American Vice President Mike Pence used a private AOL account that was hacked last summer, when he was governor of Indiana.
This revelation will ring in our ears every time we see the humble, smiling Beckham with an African child in his arms, whenever he appears on stage for Unicef, whenever he posts an Instagram snap of his daughter Harper showing daddy who's boss.
There are several reasons this happened, but one has haunted me most: Hillary Clinton's leaked emails. Since the "scandal" broke, I've become terrified of hacking. This isn't because I may run for President myself (#SLH2020), but because the vulnerability of the Clinton campaign's email accounts bodes badly for the rest of us.
While I don't agree with mass surveillance and I do believe in the right to respect one's "private and family life," the outcry also got me thinking about why bosses snooping on our emails could be a good thing.
Legislation has not been altered as a result of Tuesday's judgment. In short, not much has changed. On the positive side, perhaps this week's misinformed media storm will help persuade workers and their bosses to clarify exactly where the boundaries lie concerning personal communications at work.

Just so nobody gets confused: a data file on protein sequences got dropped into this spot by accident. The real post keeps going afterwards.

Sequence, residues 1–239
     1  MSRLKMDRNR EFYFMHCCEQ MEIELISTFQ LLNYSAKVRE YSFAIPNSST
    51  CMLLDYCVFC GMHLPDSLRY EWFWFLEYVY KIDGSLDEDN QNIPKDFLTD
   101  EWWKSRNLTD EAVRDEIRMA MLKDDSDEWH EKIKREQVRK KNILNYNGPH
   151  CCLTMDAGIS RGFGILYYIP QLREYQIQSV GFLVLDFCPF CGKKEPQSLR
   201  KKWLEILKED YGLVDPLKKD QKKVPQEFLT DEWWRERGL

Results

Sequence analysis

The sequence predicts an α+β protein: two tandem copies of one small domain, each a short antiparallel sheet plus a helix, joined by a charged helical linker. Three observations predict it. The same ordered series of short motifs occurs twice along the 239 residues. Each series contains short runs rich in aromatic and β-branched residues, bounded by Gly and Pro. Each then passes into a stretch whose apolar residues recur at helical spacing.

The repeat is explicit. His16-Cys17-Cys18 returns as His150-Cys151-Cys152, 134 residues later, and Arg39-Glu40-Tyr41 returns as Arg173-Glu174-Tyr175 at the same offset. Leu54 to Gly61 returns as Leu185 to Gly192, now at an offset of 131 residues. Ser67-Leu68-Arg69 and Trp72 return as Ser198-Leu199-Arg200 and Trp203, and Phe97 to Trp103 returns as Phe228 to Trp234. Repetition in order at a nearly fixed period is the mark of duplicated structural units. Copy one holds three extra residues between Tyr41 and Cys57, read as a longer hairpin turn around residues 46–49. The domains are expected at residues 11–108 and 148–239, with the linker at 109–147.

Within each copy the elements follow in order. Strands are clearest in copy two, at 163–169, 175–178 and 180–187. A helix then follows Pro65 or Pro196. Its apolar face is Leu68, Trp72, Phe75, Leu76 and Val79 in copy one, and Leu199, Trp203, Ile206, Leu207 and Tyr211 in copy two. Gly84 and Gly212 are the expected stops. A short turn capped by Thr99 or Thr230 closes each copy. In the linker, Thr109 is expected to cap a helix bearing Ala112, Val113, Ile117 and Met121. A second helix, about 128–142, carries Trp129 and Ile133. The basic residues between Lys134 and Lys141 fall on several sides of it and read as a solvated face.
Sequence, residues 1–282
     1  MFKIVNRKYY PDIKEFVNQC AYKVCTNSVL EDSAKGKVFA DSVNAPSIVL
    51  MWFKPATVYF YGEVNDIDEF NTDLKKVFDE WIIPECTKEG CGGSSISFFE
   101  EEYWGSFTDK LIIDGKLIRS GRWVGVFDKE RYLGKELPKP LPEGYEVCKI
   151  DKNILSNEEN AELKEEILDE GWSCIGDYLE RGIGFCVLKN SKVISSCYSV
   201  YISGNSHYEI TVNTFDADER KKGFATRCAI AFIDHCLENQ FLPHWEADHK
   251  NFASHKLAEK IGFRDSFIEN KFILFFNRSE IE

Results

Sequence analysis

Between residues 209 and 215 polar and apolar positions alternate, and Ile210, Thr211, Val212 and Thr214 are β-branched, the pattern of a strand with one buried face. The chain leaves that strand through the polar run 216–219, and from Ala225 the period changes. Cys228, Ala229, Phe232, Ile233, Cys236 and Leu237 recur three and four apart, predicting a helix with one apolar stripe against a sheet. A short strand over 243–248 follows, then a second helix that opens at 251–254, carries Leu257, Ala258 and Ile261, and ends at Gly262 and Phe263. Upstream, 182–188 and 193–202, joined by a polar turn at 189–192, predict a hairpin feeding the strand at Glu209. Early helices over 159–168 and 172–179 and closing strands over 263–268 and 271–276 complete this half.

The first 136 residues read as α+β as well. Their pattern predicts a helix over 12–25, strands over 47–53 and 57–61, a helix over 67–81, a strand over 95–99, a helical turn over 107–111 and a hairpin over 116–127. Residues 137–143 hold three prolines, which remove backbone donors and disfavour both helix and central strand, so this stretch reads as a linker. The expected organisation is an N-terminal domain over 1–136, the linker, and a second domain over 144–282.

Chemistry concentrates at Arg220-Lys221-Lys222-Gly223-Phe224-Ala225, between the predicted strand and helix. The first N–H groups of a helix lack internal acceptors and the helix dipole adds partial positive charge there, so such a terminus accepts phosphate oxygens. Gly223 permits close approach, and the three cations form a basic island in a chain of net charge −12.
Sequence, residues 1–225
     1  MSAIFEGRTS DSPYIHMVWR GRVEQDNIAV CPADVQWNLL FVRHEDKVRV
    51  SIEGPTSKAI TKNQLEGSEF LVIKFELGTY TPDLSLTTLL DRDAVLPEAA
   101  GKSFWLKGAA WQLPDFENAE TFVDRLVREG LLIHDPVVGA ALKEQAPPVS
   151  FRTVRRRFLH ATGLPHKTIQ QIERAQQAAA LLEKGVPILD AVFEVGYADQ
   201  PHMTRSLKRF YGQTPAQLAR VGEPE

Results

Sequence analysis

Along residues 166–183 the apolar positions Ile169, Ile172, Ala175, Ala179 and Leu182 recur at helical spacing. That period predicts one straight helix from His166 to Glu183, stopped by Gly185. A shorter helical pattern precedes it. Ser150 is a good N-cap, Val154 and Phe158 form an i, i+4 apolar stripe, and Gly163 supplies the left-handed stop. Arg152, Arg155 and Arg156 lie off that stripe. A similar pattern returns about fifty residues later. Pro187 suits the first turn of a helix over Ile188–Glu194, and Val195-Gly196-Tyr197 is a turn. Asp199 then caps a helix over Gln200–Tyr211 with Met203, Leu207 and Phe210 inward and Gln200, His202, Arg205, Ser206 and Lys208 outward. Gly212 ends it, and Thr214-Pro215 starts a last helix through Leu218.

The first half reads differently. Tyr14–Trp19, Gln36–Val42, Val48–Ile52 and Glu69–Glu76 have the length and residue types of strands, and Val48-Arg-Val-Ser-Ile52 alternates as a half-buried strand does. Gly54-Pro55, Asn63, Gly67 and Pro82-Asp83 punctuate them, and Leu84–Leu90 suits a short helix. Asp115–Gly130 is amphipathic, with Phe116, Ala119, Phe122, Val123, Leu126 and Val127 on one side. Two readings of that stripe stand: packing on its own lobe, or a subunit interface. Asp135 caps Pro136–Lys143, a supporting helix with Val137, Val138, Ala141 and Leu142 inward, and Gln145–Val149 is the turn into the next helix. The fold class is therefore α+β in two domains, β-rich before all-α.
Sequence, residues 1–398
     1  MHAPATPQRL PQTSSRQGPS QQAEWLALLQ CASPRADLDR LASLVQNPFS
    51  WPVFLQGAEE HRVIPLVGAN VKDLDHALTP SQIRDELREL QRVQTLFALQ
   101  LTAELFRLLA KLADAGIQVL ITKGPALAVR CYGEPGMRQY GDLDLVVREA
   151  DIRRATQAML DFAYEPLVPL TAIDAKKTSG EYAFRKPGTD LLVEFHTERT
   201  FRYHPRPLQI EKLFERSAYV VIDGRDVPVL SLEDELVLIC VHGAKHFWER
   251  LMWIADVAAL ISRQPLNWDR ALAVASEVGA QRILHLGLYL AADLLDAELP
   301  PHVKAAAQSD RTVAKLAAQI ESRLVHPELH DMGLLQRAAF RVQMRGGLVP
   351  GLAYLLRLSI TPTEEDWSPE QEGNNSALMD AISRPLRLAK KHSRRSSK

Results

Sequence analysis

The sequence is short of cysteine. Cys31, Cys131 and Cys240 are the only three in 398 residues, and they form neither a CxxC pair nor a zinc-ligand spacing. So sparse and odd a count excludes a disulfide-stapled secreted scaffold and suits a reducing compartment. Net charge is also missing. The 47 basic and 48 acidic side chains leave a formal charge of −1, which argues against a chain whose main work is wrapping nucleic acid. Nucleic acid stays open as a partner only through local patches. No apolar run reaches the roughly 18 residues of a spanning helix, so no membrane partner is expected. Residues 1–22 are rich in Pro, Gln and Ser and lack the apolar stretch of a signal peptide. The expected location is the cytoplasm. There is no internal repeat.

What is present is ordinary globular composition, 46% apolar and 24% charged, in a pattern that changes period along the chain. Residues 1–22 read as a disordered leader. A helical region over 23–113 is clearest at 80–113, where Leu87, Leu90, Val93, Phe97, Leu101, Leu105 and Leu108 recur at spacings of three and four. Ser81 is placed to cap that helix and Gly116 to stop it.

A group of teenagers have claimed to have hacked into the head of the CIA's personal AOL email account, which reportedly
I use Facebook to message with my brother, Viber to exchange pictures with friends, Skype to call my Japanese teacher. But
On mobile, messaging platforms have taken over from voice and are still outstripping the various social media vehicles, but these are skewed towards consumers talking to each other. B2B marketing is still evolving on these channels, while the one-to-one of email is still comfortable for users.
Like the return of vinyl to music, people are turning to email again as a source of wisdom.
"This 'LOL'? You and I are not in a relationship yet where we can just chuckle and laugh about things..." Yes, any students